Gardner, a Democrat who is running against Republican Tara Helsley in the Nov. 5 election for Winchester Circuit Court Clerk, said it was never his intention to interfere with the voter referendum for an elected School Board.

“Not at any time or any point,” he said. “I’m just going by the book.”

— Contact Brian Brehm at

(12) comments


And I meant to commend Mr. Brehm for his reporting on this mess. I can't imagine trying to put all this chaos and relevant cast of characters into some semblance of an article. Please keep us posted on the city's action (or inaction).


Wow... just... wow. No wonder there's never been a citizen-initiated referendum before! For a city that was chartered in 1752, you'd think the elected officials would have their act together. I'm curious. Does Winchester still have a poll tax?

The whole process sounds like one of those "how many people does it take to... " jokes. Let's look at who is involved in this mess. There are: the original petitioner Roya Milotte, the Winchester Circuit Court Clerk's Office, Winchester Circuit Court Judge Alexander Iden, Winchester Voter Registrar Elizabeth Martin, Circuit Court Deputy Clerk Will Gardner, Judicial Circuit Court Judge Kevin Black, the State Board of Elections, City Manager Eden Freeman and for good measure, the law firm of Litten and Sipe (can't the city afford a full-time attorney?).

So help me out. Is the goal of the city to invalidate the referendum before the voters even get a chance to vote? Is it to cast doubt with the voters so fewer will be involved?

No wonder so many American feel disenfranchised. It reminds me of the quote I learned in High School: “Power tends to corrupt and absolute power corrupts absolutely. "

Congrats Winchester. You're well on your way to invalidating 100s of hours of work and thousands of registered voter signatures gathered by volunteers to put a referendum on the ballot. We wouldn't want uppity citizens to get too involved now would we?

All I can say is "Good luck Ms. Milotte. I hope you get a chance to see how your hard work plays out with the voters."


Oh for goodness sakes, how is it the responsibility of the citizen to foot the bill for something that the City needs to change. This seems to me as if the City is fighting to protect their (stupid) way of finding members of the School Board. The City just raised taxes, so I think they should have plenty of money to pay this $800 fee. Or maybe we figure out how to bypass the newspaper all together and use the FREE City notification services and social media to make these announcements. For those not online, they can post the notices outside the City Hall.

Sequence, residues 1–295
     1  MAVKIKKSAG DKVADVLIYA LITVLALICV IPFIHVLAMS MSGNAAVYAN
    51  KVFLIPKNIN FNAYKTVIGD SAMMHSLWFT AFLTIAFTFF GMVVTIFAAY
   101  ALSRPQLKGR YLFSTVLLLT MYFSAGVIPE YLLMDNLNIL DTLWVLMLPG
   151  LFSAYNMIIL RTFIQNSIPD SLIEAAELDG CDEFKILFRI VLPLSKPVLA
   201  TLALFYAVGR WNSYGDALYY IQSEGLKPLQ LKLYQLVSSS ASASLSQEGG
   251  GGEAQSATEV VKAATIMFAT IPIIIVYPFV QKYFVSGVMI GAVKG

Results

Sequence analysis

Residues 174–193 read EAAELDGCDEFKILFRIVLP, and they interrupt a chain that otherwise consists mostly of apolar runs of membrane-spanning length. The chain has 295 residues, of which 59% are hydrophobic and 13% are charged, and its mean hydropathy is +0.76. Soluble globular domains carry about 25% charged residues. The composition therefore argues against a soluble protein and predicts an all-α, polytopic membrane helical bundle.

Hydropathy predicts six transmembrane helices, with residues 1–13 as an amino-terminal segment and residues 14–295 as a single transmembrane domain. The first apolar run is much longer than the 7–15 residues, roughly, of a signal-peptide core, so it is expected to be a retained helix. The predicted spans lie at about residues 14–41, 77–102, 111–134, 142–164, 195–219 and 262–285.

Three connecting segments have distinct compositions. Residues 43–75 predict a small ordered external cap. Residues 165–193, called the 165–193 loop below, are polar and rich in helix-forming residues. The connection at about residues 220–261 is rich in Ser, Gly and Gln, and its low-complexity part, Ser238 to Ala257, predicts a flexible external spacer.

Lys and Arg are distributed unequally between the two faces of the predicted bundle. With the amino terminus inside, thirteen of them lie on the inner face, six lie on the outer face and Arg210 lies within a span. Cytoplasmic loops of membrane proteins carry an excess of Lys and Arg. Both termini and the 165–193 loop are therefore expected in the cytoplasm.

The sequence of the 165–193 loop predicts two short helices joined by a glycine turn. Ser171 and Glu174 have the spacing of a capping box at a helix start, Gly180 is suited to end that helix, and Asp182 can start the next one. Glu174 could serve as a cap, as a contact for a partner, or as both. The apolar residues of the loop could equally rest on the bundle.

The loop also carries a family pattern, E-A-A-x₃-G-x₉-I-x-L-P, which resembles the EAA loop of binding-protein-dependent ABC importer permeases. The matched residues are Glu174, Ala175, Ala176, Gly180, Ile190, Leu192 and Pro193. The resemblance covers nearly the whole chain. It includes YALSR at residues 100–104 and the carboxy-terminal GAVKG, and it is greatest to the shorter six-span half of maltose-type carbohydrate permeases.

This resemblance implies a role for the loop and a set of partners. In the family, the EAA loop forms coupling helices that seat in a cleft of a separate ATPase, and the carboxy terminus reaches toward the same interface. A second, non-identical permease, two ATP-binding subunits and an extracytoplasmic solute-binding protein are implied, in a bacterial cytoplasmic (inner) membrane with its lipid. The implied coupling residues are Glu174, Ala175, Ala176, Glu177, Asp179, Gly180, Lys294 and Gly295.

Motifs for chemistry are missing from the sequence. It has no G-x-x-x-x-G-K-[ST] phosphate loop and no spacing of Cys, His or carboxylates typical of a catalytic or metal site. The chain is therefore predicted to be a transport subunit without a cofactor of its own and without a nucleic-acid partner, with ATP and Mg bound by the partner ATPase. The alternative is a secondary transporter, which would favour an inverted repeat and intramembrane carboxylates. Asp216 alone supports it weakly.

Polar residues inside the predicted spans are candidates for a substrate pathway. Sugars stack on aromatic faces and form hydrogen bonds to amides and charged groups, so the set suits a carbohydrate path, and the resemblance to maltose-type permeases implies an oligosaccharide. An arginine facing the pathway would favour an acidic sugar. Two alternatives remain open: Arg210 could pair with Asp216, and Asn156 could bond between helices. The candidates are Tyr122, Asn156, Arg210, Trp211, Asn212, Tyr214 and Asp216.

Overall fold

"Once they had the signatures, (Carmen) Sitton said they were able to reach out to the Virginia Education Association PAC for funds that are reserved for this type of initiative including the required legal ad in the newspaper.

“It made me excited to see that basically social media, news outlets [and] word of mouth helped get this referendum passed,” Sitton said. “…Knowing how little amount of funds that we used, we know that it’s possible to have a successful campaign on a shoestring budget, so to say.” "

Quoted from the Amherst New Era-Progress, November 8, 2016, "Amherst Votes 'Yes' to Referendum for Elected School Board"


The Clerk of the Court position is NOT a policy-making position. They take an oath to follow the laws/statutes of the Commonwealth. That is why Interim Clerk Will Gardner concurred with Clerk Terry Whittle to get a judge's legal opinion. The judge ruled and the Clerk's office is going further in trying to see the correct result occurs. Registrar Liz Martin is not a lawyer and shouldn't be giving legal advice. There is some concern that this issue is being used for political purposes against Will Gardner.


Exactly correct, IMHO.


"Petitioner vs. School Board — Winchester City” This format was problematic. The main concern should be that the election results stand and are not invalidated because of an avoidable error.


I'm sticking with Will. Experience means checking on the legality of spending $782.20 of the taxpayers' money on advertising a referendum filed by a single citizen rather than simply paying for the advertisement and finding out later that it was illegal.


#1 reason I wouldn’t vote for will now!! Experience means incompetent, doesn’t wanna listen to ideas


Are you saying Tara Helsley wouldn't follow Judge Black's order?


Call your friends down in Amherst County who did this in 2016 and ask them who paid for the advertising -

Additional Google searches will turn up other localities in Virginia who have had similar referendums and this never seemed to be an issue.

Quote from the article, "Once they had the signatures, Sitton said they were able to reach out to the Virginia Education Association PAC for funds that are reserved for this type of initiative including the required legal ad in the newspaper."


This is a very important bit of information. It clearly states the PAC funds paid for the ad NOT Amherst County.